Vampire Christmas” is a metaphor for a modern man partier who is sucked dry by the culture. I guess. In the midst of this pop complaint comes Johnny Marsh’s breathless rap about how Nothing truly nothing really really ever lasts forever It kinda feels like living through a three ring fucking circus. Pithy poetry.

Bugged by modern times, Amy Grant soft pops “I Need a Silent Night.” Didn’t used to–there was a time Where people stayed home wishing for snow, Watching three channels on their TV; Look at us now.

Feeling like hell, Beat Happening plays kindergarten instruments for his “Christmas” song. He had sex three times on Christmas resulting in boredom and depression. Experimental pop, but, dude, i think you’re doing it wrong.

See, R J Word knows For “The First Three Hours of Christmas” Our parents aren’t gonna miss us (No)… so they can mess around. R+B/pop seduction.

Well, Meghan Tulles is so melancholic i can’t tell if the “Three Christmases” she spent with the addressed are the only, the last, or the first of a forever thing. Odd semi-country pop ballad.

Fine folk from Dave Almond, but he’s been sniffing pine needles or something, because beneath this tree If you look real close There’s two or three there of you and me in “(A World of) Tiny Lights.” Oooh.

Reeny Smith also waffles with fine piano jazz pop, telling “Dear Santa” she don’t really need nothing. Well, Hoping for a kiss or three, but no worries.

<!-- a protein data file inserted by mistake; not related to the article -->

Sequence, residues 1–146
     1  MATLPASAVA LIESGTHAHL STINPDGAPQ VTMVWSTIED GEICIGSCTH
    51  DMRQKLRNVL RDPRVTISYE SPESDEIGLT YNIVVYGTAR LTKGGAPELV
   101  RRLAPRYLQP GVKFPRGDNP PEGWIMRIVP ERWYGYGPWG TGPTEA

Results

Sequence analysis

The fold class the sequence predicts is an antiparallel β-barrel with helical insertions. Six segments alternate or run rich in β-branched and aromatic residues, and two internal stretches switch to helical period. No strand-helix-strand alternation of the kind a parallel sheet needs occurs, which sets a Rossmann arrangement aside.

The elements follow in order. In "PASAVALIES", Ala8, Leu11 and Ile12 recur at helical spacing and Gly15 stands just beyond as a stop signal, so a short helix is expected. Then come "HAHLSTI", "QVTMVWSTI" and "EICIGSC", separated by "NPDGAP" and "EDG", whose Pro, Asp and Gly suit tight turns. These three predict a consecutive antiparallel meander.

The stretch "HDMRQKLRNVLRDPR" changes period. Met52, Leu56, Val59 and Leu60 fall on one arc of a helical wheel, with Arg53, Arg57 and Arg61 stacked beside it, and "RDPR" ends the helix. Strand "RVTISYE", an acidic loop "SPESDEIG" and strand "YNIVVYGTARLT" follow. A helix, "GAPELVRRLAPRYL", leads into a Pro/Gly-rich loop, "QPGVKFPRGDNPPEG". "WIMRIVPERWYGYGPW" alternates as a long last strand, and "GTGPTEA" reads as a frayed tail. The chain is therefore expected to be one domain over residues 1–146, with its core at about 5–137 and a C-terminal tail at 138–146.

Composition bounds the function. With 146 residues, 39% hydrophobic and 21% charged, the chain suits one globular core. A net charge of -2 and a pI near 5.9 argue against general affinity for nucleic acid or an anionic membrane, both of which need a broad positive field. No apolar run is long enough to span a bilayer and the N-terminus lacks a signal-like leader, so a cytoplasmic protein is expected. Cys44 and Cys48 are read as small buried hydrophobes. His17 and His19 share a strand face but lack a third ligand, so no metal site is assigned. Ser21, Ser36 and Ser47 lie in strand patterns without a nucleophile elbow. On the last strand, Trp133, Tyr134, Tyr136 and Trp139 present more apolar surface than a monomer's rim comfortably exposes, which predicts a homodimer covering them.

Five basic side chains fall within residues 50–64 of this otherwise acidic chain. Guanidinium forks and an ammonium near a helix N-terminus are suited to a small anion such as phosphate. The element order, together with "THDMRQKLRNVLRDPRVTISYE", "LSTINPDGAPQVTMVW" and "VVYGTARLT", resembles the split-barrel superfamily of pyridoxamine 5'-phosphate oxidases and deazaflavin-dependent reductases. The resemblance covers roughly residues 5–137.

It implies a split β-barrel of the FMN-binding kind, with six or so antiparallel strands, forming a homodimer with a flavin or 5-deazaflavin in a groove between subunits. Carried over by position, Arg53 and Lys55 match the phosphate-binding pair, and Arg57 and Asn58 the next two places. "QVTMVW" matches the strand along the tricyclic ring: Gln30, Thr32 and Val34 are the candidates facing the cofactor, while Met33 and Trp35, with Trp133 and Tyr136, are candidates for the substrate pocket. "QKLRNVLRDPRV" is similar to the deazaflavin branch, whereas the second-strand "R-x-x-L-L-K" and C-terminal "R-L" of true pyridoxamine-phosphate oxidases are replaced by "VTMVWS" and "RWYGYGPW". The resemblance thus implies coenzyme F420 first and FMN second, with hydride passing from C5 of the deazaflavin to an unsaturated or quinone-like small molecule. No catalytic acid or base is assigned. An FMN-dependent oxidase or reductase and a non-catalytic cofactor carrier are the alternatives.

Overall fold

Objectophilia may be the way to go then. Henef claims: This song was made for you Singing those 3 words, I Love You, “Christmas Tree.” Alt pop perversity. The best kind.

Tiffany Houghton and Jay Alan get cozy skipping the big Xmas party [Sleigh bells ringing, oh wait that’s my phone–3 missed calls but we’re still at home] to be alone together and discover how 00you look “Better Without a Sweater.” Sultry pop.

Earlier in the relationship Viceboy asks you to Wear that sweater, and, also, Hi, do you wanna put up a tree with me; I have some ornaments from last year and and a star or three. This flirtatious awkward pop makes for a winning “Snowcity.”

Moving faster, Chloe Bee asks Let’s watch a movie or two or three And hang lights up from all the walls. “Snow Day” takes the pop ‘ship and runs with it.

Without the snow? Nothing good! “The No Snow Blues” pits Bob Sellon’s preparation [Got a new pair of boots, Got some sun screen for my nose, I got three pairs of socks on] against the dry, dry slopes. It’s a Christmas tragedy.

Hawksley Workman finishes up and wrangles “3 Generations” while they’re altogether in one house for a photographic opportunity. Great washtub jazzy pop. Practically Dixieland. Love it.